Doodad Kind of Town

The 2009 Oscars: What a Swell Party it Was!
February 23, 2009, 5:35 am
Filed under: Uncategorized

Have you ever loved a big production number at the Oscars so much that you wanted to watch it again immediately after the ceremony?

Have you ever enjoyed the banter between presenters so much that you hit the rewind button on the DVR remote at the next commercial so you could watch it again ?

Nope, me neither. That is, not until this year.

Last year, the nominated movies were great and the ceremonies were dull as dirt. This year, the nominees were a mixed bag, but the Oscar show itself was polished, fun and entertaining. I can’t remember the last time I enjoyed the show this much. Or, for that matter, if I ever did.

Much of the credit must go to Hugh Jackman, a dashing and dynamic, triple-threat host (He sings! He dances! He’s funny! Oh, and he’s devastatingly good-looking,too.) As one of the two or three dozen people who watch the Tony Awards every year, I already knew Jackman was everything you could hope for in an awards show host, and then some. But for the Oscars, he took his game to a whole new level.

Jackman’s “recession era” opening production number (“put together in my garage last night”) was funny enough to make you forget you ever saw Billy Crystal. I was cringing a little trying to imagine how they’d make musical comedy out of “The Reader;” fortunately the techno dance number “I Forgot to See ‘The Reader'” was a brilliant, hilarious save. Undoubtedly, though, the highlight was Anne Hathaway’s game and seemingly spontaneous participation in the “Frost/Nixon”parody. Girlfriend can really belt – who knew?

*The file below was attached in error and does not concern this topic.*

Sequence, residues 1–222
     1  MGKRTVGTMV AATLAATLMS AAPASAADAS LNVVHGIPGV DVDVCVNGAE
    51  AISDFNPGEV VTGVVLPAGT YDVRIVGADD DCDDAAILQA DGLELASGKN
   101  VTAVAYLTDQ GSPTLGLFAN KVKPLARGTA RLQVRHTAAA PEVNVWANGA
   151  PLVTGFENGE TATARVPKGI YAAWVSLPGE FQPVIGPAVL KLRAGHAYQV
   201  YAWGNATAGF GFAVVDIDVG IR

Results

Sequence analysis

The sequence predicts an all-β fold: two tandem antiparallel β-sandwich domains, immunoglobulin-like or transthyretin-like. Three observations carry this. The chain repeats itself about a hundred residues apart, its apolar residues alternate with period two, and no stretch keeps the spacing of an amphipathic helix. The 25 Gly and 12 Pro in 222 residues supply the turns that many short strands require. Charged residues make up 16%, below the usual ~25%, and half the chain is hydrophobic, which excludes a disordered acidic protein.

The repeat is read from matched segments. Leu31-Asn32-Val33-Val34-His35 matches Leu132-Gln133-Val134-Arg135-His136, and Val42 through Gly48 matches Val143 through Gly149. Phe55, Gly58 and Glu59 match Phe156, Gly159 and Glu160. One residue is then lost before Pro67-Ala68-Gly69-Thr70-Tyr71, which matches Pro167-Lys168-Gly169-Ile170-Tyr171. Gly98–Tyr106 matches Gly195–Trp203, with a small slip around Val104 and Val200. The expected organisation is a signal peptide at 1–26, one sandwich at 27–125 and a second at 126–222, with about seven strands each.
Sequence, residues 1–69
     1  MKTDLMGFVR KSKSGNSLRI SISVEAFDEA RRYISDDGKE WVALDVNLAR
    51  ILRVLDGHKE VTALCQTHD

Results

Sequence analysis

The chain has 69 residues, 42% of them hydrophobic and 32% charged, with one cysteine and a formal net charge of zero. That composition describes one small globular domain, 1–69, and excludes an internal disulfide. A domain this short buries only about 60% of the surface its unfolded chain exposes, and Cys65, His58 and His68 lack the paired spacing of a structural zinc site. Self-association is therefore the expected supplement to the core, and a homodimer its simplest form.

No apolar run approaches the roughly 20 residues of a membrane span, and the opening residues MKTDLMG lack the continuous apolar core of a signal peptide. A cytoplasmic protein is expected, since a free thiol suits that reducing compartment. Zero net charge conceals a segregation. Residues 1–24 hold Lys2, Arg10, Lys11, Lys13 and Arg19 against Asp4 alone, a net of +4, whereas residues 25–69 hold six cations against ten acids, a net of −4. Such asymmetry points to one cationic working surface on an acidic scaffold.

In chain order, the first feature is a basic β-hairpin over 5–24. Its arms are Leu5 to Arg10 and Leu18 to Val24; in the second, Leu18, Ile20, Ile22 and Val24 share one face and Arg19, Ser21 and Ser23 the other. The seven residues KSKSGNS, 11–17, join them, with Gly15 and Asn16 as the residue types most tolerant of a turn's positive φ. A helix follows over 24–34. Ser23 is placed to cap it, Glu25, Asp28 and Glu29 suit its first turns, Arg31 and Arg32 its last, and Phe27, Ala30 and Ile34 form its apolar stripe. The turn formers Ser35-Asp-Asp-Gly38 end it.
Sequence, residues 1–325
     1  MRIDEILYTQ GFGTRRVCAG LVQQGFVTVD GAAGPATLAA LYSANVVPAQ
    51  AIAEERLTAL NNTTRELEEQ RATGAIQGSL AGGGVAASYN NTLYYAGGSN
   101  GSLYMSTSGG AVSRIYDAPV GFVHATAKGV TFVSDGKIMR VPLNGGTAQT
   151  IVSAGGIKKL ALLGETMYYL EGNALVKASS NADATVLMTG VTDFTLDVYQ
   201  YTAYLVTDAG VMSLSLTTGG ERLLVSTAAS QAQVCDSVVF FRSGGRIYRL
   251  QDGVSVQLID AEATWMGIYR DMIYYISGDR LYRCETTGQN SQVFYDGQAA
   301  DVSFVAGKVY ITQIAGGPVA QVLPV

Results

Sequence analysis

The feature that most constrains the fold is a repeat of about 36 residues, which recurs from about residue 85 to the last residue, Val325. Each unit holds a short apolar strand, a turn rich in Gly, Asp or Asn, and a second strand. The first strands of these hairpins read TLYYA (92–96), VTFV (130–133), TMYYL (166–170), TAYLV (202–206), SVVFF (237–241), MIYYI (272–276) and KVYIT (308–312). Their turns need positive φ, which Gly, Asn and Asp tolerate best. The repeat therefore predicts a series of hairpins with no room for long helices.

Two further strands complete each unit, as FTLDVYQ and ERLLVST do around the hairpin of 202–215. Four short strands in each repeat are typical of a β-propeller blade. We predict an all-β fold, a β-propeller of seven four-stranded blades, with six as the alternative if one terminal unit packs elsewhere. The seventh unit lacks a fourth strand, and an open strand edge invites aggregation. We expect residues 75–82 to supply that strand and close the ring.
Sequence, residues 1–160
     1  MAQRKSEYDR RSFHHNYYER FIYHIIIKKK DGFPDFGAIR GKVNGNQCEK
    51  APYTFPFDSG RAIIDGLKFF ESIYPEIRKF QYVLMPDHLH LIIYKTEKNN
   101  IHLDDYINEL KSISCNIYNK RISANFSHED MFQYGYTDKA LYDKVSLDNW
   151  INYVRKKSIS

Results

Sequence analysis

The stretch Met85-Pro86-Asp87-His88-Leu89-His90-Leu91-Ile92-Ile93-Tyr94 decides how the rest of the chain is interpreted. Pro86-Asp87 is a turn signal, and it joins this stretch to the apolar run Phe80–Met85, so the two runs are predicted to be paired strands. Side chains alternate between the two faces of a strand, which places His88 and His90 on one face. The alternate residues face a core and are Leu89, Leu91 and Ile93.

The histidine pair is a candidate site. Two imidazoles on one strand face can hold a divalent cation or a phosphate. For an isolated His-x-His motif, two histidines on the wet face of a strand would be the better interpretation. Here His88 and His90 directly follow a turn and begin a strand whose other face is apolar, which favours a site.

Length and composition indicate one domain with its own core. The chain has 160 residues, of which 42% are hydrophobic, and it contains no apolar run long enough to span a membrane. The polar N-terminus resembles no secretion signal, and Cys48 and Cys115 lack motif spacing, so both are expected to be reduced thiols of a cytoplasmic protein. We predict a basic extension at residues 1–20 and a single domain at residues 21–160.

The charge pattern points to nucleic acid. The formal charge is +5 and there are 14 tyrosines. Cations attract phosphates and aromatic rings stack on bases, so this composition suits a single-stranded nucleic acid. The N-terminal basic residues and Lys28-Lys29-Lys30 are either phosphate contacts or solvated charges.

Later Jackman tapped his way through a sorta-fun-but-also-sorta-superfluous medley of movie musical hits. Joining him was Beyonce, working sexy red sequins and a top hat, looking and sounding fabulous. I was quite happy just watching these two, but then they brought out Zac Efron and Vanessa Hudgens to sing some “High School Musical” crap. And then they had to drag in a number from “Mamma Mia.” This curmudgeonly musical maven would like to ask that the Academy never again reference “High School Musical 3” in the same tribute medley as “Singing in the Rain” or “Top Hat.”

The Tina Fey/SteveMartin moments leading up to the Best Original Screenplay award were some of the funniest in memory. (“Every writer starts with a blank page. And every blank page was once a tree. And every tree was once a tiny seed. And every tiny seed on earth was placed here by the alien king Rondelay to foster our titrates and fuel our positive transfers.”) Please let these two write the presentation banter for every Oscar show for the rest of their lives. They are comedy gods, and this is their world; the rest of us just live in it.